Our Small Businesses
I’ve always thought of Parma as a big city (7th largest in Ohio) with a small town feel. Our neighborhoods have a sense of community. When bad things happen, neighbors step up to help. Covid-19 has confirmed my belief that Parma is a good place to raise a family. On several Facebook pages I’ve noticed so many different individuals doing lots of good deeds. Like donating food, or cheering on those working so hard in the medical community. Many are just small gestures that mean so much to the recipient. Some are large donations of supplies to those that need them. I’ve heard of neighbors donating their stimulus money to food banks too, to help those that need it more now. All in all it warms my heart to see our community come together to help one another.
I’ve always felt that what makes this community so special is the small unique businesses. They are the backbone of our community. When you drive down our main streets, what you see aren’t tons of big box stores, but small family owned restaurants, butchers, bakeries, pet groomers, hair salons, barbers, and deli’s. In cities like ours across the U.S. you don’t find the ethnic shops in the abundance you do here. Predictions indicate that 24% of these small family owned businesses won’t be able to survive. It will be a sad day to see 24% of our store fronts vacant, and devastating to our cities economy. Not to mention the sense of loss we’ll feel, when our favorites are gone.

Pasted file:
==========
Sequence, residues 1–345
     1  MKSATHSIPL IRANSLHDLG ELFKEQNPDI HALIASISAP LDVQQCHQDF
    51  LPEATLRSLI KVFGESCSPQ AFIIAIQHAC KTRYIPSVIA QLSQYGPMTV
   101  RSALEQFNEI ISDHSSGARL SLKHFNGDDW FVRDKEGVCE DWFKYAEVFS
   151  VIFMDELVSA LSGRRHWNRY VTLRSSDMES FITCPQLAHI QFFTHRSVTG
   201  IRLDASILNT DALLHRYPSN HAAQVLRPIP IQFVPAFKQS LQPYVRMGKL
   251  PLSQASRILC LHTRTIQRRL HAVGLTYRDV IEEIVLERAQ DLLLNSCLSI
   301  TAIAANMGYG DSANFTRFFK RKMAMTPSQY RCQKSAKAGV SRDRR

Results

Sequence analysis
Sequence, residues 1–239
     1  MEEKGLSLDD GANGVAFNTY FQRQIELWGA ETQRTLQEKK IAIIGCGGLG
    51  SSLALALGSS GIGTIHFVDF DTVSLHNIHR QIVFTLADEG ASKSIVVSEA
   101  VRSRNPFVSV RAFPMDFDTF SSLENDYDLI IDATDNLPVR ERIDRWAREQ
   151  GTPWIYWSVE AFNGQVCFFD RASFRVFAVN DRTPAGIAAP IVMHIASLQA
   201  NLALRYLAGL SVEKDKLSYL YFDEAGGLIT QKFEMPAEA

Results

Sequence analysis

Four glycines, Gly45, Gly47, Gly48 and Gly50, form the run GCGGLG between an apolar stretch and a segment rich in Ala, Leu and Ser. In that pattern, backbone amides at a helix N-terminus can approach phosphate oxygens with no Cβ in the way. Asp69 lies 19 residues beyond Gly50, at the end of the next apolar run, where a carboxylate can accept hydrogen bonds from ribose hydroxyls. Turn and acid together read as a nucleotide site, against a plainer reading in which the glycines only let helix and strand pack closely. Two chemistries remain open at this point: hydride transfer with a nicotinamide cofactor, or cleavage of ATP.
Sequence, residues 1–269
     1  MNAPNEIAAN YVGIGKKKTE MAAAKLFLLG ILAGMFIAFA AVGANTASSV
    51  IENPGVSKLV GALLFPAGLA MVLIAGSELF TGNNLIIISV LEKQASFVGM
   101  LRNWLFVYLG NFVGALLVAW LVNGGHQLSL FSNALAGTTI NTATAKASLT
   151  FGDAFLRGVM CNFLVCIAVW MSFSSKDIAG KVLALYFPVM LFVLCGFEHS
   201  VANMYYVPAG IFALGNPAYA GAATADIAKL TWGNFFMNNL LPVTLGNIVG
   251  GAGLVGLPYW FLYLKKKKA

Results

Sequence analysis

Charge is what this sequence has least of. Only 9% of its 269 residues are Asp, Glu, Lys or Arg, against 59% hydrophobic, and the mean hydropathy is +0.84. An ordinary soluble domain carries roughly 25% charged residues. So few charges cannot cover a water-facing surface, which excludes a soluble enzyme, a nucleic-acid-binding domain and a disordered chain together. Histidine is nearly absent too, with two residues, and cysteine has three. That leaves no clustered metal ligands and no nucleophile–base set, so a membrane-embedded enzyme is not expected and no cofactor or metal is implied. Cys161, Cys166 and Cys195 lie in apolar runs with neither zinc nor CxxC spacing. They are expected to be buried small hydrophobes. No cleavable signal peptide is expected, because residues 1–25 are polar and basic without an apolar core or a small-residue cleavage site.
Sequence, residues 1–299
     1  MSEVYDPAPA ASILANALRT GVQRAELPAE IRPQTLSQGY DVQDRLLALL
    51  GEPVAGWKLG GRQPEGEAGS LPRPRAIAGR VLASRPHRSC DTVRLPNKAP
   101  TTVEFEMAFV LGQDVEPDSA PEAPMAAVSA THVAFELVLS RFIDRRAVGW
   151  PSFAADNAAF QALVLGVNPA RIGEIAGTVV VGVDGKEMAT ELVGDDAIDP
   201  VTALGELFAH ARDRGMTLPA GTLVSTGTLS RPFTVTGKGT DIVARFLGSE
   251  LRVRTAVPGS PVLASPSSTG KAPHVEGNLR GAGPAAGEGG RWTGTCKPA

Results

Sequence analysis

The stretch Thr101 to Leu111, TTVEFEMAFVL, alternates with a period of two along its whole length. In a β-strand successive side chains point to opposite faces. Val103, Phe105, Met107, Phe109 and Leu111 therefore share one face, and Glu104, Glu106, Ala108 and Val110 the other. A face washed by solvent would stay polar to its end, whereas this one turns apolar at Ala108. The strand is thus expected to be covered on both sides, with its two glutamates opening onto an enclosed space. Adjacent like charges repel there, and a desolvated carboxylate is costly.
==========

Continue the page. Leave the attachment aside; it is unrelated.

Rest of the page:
When the U.S. government started offering loans/grants to small business I was elated. I had hoped that this would surely be a solution for them. Unfortunately, none of the small businesses I spoke to in our area ever received a penny of those funds. Instead, I understand large chains found loop holes to the program and took advantage of the situation. That really makes me mad. The 20 million a certain chain restaurant received could have saved 200 to 300 of our small businesses. You can bet I won’t be giving those chains that took advantage of the situation my business, and I hope you won’t either.
Last month I reported that for every $100 spent at a small business, $68 of it stayed in the community, whereas $100 spent at a big box store, only $43 stayed local. That difference means a lot to our community. As our businesses slowly re-open, I hope that you will remember the importance of our local small businesses, and what they bring to our local economy and the uniqueness of their goods.
By the way, the Parma Observer is a small business also. It is the only local print media dedicated to the Tri-City area. Articles, like mine, are written by volunteer staff, and offer an open forum for individuals to voice their opinions and share news which is pertinent to the community. Support the Parma Observer also.
Please take a stand to support our local small business, we need them.
Board Secretary of Parma Area Fine Arts Council, Inc, or PAFAC, and Artist/Jewlery Designer, Owner Aire of Oppulence.